MM and KillermanJ
I’m going to respond because I think it’s important that followers of this BB understand how potentially significant this could be, even though clearly none of us have the full picture. I believe this area is a big red flag which should be factored in to any decision to hold shares in PMG.
My only agenda is to use these BB’s to gather and share knowledge- and for reasons that should be obvious ( and I mention below) this information is of relevance to shareholders in PMG. I haven’t misquoted a press release, I’ve simply drawn a natural inference from it based on information in the public domain but which people may not have connected. If I wanted to mislead I would hardly have pasted the link to the original source!
I had assumed that owners of PMG would know that the ‘HBOS Impaired Assets Division’ was inextricably intertwined with Mills and Quayside in the frauds for which Mills and HBOS bankers were convicted. Whilst it is possible that a fraud unconnected with Mills and Quayside ( and hence PMG) was ALSO taking place at HBOS Impaired Asserts that would be an extraordinary coincidence. The much more likely explanation is that if there was other fraud at HBOS IAD then it involved Mills/Quayside /PMG. Hence the inference I drew.
As Killerman suggests will be the case ONCE PMG is actually named in a press release I think this is a risk worth considering NOW. As no details of the number or value of the other frauds being explored is yet known I’m unsure how anyone can assess the potential hit to PMG if they result in prosecutions, or even only the release of information which leads to civil actions by former PMG shareholders . It may be nothing or it could be existential. Hence why I think it is something which should not be ignored, just because understanding the impact is challenging, but should be researched and be something that shareholders should share information about as more becomes public, whether explicitly or more subtly.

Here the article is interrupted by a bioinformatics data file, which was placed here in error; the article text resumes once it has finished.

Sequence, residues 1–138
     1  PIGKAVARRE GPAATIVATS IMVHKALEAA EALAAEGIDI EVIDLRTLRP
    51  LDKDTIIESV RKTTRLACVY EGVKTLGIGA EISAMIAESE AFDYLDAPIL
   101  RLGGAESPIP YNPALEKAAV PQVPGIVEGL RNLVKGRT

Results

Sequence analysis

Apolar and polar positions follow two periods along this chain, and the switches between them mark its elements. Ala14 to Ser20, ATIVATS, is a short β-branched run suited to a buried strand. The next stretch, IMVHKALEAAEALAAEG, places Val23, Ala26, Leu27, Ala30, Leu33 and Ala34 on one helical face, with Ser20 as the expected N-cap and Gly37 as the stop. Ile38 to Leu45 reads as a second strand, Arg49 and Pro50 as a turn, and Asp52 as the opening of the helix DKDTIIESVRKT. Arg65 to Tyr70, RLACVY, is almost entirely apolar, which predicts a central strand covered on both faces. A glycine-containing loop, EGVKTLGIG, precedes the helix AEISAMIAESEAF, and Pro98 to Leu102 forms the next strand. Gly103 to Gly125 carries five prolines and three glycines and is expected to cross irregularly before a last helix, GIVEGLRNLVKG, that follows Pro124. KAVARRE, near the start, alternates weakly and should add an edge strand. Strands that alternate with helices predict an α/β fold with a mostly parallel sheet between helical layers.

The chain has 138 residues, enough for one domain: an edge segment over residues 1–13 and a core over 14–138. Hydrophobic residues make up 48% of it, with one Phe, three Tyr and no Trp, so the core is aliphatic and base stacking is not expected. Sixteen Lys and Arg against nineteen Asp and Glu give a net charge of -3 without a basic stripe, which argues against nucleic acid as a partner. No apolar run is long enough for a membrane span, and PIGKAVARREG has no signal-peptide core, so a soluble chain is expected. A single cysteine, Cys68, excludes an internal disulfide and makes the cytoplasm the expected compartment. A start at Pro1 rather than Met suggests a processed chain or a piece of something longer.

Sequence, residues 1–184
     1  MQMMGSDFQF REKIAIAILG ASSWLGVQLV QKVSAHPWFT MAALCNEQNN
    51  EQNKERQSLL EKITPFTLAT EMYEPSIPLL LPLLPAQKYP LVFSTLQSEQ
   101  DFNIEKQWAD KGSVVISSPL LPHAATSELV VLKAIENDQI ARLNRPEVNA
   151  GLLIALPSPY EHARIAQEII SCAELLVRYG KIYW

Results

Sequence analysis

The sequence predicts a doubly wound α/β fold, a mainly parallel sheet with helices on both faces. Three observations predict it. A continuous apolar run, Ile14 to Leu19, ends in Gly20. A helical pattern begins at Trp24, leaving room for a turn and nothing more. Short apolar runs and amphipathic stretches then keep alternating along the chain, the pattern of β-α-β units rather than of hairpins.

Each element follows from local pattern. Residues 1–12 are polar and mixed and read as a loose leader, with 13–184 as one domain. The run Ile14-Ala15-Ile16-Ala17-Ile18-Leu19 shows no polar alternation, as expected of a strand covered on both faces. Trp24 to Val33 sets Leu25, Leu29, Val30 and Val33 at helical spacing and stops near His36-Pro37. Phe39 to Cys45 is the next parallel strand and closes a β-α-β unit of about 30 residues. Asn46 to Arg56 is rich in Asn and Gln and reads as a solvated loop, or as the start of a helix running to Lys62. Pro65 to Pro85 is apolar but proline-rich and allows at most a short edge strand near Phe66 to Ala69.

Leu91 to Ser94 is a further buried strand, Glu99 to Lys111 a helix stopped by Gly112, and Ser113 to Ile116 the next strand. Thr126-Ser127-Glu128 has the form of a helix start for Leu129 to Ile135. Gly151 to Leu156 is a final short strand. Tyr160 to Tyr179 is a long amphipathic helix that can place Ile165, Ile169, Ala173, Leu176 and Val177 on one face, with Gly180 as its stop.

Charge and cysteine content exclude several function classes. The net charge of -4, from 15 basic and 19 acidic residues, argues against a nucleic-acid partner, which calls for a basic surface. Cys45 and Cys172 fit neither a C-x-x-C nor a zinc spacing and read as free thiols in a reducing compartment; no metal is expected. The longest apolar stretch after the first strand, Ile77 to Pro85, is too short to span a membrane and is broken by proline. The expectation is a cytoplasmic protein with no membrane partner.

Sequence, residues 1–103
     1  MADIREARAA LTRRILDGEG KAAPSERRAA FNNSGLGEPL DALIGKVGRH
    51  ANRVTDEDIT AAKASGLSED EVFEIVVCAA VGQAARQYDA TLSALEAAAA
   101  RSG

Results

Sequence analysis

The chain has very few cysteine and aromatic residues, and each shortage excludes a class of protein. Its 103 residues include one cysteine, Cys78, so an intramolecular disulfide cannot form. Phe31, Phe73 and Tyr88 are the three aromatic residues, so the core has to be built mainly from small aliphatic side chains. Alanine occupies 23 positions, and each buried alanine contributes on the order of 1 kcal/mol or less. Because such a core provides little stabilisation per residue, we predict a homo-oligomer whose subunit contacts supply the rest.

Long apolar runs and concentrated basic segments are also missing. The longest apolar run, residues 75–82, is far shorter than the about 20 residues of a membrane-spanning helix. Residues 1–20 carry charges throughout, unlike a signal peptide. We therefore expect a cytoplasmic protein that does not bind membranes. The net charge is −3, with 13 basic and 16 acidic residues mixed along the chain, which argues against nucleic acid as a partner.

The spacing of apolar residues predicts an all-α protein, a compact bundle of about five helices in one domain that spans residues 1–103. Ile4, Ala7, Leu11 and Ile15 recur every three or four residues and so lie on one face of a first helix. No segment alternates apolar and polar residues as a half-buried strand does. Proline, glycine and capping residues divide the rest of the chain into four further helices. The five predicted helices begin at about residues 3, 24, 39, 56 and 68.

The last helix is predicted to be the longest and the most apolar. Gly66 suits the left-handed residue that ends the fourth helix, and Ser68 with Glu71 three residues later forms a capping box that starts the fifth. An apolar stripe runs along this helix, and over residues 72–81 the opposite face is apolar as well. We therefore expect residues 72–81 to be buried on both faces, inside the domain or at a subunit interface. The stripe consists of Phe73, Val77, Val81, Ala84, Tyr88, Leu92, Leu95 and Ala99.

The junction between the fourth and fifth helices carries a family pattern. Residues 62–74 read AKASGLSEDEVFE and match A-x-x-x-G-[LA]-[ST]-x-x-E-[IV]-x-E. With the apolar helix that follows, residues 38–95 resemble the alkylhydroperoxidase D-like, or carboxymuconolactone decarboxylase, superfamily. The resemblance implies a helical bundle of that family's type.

That is a sensible use of this BB.
The court seemed to acknowledge that the criminal charges were merely examples of wider bad behaviour so the latest development is consistent with that and no surprise.
As you say MM, companies are generally responsible for the actions of their directors and you give no reason why that principle wouldn’t apply to PMG.
I endorse your reference of Ian Fraser. He’s knowledgable, forensic and tenacious.
Drawing attention to a dark period in PMG’s history, that is still reverberating and could cast a very long shadow on PMG isn’t ‘tarnishing’ PMG. It’s the events themselves that caused the problem. As you say Tom Cross and David Mills shared the board for almost 9 months.
You mention Core Enterprise Management but that seems to contradict your view that this is irrelevant. CEM is another link that may cause PMG shareholders concern as it (amongst other things) indicates the close relationship between a PMG director called Gordon Ashworth and David Mills. Ashworth was a director of PMG until Jan 2010- overlapping with Cross for over 3 years. Despite the carnage that Mills caused PMG in 2006/7 ( which you estimate to have been £8m ) Ashworth was on the board of CEM with Mills many years later suggesting they were quite close despite what Ashworth knew of Mills past form!
It’s opaque and clearly there are many questions that need answering. There may be no financial exposure for PMG but personally with so many other shares out there I wouldn’t take the risk. PMG itself won’t guarantee the market that it can have no possible exposure because even they cannot know.